The House of Government: A Saga of the Russian Revolution

On the 100th anniversary of the Russian Revolution, the epic story of an enormous apartment building where Communist true believers lived before their destruction


Aug 22, 2017
6 x 9.25 in.
416 b/w illus. 2 maps.
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The House of Government is unlike any other book about the Russian Revolution and the Soviet experiment. Written in the tradition of Tolstoy’s War and Peace, Grossman’s Life and Fate, and Solzhenitsyn’s The Gulag Archipelago, Yuri Slezkine’s gripping narrative tells the true story of the residents of an enormous Moscow apartment building where top Communist officials and their families lived before they were destroyed in Stalin’s purges. A vivid account of the personal and public lives of Bolshevik true believers, the book begins with their conversion to Communism and ends with their children’s loss of faith and the fall of the Soviet Union.

Completed in 1931, the House of Government, later known as the House on the Embankment, was located across the Moscow River from the Kremlin. The largest residential building in Europe, it combined 505 furnished apartments with public spaces that included everything from a movie theater and a library to a tennis court and a shooting range. Slezkine tells the chilling story of how the building’s residents lived in their apartments and ruled the Soviet state until some eight hundred of them were evicted from the House and led, one by one, to prison or their deaths.

Drawing on letters, diaries, and interviews, and featuring hundreds of rare photographs, The House of Government weaves together biography, literary criticism, architectural history, and fascinating new theories of revolutions, millennial prophecies, and reigns of terror. The result is an unforgettable human saga of a building that, like the Soviet Union itself, became a haunted house, forever disturbed by the ghosts of the disappeared.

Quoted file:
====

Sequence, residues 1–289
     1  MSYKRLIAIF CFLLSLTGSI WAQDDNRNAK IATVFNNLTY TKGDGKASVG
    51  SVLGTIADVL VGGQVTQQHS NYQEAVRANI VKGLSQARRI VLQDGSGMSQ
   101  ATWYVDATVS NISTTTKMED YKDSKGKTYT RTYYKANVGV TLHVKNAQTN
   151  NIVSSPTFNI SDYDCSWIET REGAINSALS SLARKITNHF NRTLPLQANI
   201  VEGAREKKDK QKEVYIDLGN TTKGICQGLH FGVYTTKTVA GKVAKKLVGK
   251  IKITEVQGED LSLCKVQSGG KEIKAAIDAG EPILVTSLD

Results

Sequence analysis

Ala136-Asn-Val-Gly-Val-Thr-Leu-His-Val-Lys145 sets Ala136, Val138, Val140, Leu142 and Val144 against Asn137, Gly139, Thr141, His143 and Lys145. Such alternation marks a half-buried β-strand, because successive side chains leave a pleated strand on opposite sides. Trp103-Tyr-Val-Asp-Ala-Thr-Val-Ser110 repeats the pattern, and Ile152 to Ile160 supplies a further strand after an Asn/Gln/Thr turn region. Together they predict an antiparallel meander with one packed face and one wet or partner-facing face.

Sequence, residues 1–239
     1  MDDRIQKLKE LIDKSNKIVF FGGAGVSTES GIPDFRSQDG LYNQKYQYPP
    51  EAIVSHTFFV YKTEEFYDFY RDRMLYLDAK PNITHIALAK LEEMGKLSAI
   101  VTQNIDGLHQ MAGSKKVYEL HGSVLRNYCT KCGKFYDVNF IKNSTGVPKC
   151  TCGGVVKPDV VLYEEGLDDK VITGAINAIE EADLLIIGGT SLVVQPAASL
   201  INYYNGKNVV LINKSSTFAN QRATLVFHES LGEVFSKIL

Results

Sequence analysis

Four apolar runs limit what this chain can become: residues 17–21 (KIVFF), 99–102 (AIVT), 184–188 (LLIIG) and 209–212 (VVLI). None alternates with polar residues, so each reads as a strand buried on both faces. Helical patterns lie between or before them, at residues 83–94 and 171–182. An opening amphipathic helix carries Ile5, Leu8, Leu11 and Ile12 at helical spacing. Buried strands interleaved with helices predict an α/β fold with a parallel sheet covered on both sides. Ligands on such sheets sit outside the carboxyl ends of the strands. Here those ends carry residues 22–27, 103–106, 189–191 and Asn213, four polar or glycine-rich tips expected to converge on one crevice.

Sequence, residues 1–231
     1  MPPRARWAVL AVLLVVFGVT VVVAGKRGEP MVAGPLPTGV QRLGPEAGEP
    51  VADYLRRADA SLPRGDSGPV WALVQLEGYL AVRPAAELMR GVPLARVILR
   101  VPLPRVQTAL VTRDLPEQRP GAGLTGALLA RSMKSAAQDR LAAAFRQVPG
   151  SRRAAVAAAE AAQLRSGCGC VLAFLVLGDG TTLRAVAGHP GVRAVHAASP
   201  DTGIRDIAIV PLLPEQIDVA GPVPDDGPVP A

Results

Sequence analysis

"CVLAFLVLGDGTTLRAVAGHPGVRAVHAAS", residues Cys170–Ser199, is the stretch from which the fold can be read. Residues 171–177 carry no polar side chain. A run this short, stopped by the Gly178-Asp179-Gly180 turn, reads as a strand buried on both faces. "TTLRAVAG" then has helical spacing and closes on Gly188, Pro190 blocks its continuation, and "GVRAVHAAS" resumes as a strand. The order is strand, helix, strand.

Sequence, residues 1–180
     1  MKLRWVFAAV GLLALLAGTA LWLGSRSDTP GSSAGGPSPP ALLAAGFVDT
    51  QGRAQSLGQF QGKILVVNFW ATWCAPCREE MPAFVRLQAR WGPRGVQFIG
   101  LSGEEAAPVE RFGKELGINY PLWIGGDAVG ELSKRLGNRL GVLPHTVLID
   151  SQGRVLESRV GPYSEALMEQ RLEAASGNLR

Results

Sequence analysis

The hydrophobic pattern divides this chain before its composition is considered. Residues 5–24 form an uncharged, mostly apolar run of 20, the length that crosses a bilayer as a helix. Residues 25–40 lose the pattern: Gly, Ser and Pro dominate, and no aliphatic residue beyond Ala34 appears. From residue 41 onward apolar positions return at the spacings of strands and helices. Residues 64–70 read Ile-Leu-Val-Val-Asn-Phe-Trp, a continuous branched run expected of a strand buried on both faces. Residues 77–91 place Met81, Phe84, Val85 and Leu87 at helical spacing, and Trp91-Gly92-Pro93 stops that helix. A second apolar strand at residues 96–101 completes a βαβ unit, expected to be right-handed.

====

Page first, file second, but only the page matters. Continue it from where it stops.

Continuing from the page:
Awards and Recognition

  • Winner of the 2018 PROSE Award in World History, Association of American Publishers
  • Honorable Mention for the 2019 Laura Shannon Prize in Contemporary European Studies, Nanovic Institute, University of Notre Dame
  • Winner of the 2018 George L. Mosse Prize, American Historical Association
  • Winner of the 2018 Norris and Carol Hundley Award, Pacific Coast Branch of the American Historical Association
  • Shortlisted for the 2018 Pushkin House Russian Book Prize
  • Selected as a New York Times Editors’ Choice, Aug 24, 2017
  • One of The Spectator 2017 Books of the Year
  • One of The New York Times 100 Notable Books of 2017
  • One of The Times Literary Supplement’s Books of the Year 2017
  • One of The Guardian’s Best Books of 2017
  • One of Open Letters Monthly’s “Our Year in Reading 2017
  • One of the Economist.com "Wise Words 2017 Books of the Year" in History
  • One of the Millions.com “A Year in Reading 2017: Stephen Dodson”
  • One of World’s 2017 Books of the Year in “History”
  • One of London Review Bookshop’s Best History Books, Christmas 2017
  • Selected for Le Monde’s “Monde des livres” 2017 (chosen by Nicolas Weill)
  • One of The Australian’s Books of the Year 2017 (chosen by Louis Nowra)
  • One of the Times Colonist Favorite Books of 2017 (chosen by Adrian Dix)
  • One of Mosaic's Best Books of 2018 (Ruth Wisse)